Camping Mimosa is an ACSI campsite near Nicotera, one of few campsites that are open all year round. The fact that it was open, and the friendly owner, are the main things going for it. It’s pitches are small and awkward to get into with narrow avenues between trees making it difficult to manoeuvre.  We nabbed a pitch that was on the end of a row so that we could get in and out easily, other arrivals were less lucky, and one large French van had a particularly difficult time getting out. Unusually the campsite offers private bathrooms, we got a key to a cubicle with shower, basin and toilet. Sadly the showers weren’t great, a bit tepid and weak. The cubicles were dated, but at least they had toilet seats – yay!

We did our washing, managing to get it hung out to dry in between rain showers. I dyed my hair, we did a few chores and finalised the booking of hire car and secure parking for Bertie when my sister visits in April. 

One of our chores was the fixing of the toilet cassette. We had been putting this off for a while as it involved sticking a hand inside the cassette. But it had to be done as it was getting awkward to empty the cassette without any leakage. Our issue was the seal around the ‘Blade Opener’, a switching mechanism that you use to open up the toilet when you go to the loo. The seal was not working effectively and so a dribble of the toilet contents would escape unless you held the cassette horizontal. This included leakage while in transit – ugh! Armed with some disposable gloves I stuck my hand into the cassette and followed Paul’s instructions to remove the blade opener. Then we cleaned it and, with some difficulty, replaced it. We also cleaned the seal around the blade. Fortunately it has done the trick so we wont have to repeat that experience for a while. 

We ended up staying here for three nights as the rain, thunder and lightening were just so bad on the Thursday that we didn’t see the point in moving. We were a bit stir crazy by this point and crossed our fingers for some better weather so we could get outdoors.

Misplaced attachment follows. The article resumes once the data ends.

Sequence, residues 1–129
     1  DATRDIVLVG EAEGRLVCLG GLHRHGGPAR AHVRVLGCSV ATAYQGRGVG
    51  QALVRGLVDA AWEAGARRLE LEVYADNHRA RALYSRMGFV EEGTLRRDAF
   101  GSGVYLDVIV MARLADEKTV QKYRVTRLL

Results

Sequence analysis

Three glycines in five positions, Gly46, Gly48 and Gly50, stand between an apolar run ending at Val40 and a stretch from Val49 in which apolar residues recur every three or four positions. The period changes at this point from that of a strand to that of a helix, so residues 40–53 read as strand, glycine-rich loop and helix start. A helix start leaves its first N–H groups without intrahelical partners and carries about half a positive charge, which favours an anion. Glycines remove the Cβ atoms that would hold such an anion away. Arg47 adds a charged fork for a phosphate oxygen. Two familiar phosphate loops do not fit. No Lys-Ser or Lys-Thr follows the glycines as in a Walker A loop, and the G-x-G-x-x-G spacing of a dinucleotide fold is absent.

Not Only Onions in Tropea


As we drove into Tropea, passing a number of vegetable selling stalls on the side of the road, I finally remembered why I recognised the name. We had recently watched the Hairy Bikers Mediterranean Adventures and in the first episode they had featured the ‘famous’ Tropea onion. It may be famous in Italy but I hadn’t heard of it until watching the programme, of course now we were here I had to try some.

The red skinned onions are sweet and mild with very little of the acridity of the cooking onions that we might buy in the supermarket. Given that the taste of uncooked onion can linger in my mouth for 24 hours they were the ideal salad onion for me. The onions are sold all year round in various guises, right now the onions on sale are slim, with very little bulb and can be eaten raw in salads like a spring onion as well as being cooked. We particularly like it in a stir fry although I imagine Italians would think that was sacrilege.

Tropea Onions

Tropea is an attractive town set on top of a cliff with an area of seafront below the cliff where we found a few carparks to choose from. At the moment the parking is free, with the parking meters removed from the car parks. Our sat nav had fun on our journey into Tropea as it tried to entice us into a dive onto a road 5 meters below, but we managed to find a route we were actually capable of and work our way down to the one way system on the seafront. Getting out was equally tricky, as the route south goes under an impassably low bridge (there are signs saying no motorhomes and vans, so it’s worth paying attention to them, guess who didn’t!). You have to head out north, AND the road was closed AND there is a ZTL! In retrospect it would have been easier to go the wrong way back along the seafront, we had seen a number of people doing this but thought that we would be good for a change.

Tropea. Looking down from the cliffs
Looking up from the car park to the Santuario di Santa Maria dell’Isola

Once in the carpark we were accosted by a ‘fisherman’ who wanted to sell us some fish. At €10 euros a kilo it wasn’t bad value, but they were small fish that would definitely not meet any regs for minimum size. Nevertheless we decided to buy some for dinner, after all they were dead already. Then he then tried to double the price. For some reason being ripped off always makes me feel embarrassed, I blame it on my Britishness.  My only defence is what Paul calls my ‘Paddington stare’, I think it makes the recipient think I’m a little simple. Anyway I handed over the previously agreed €10 with a bland look and he wandered off without any further attempt to inveigle more money from us.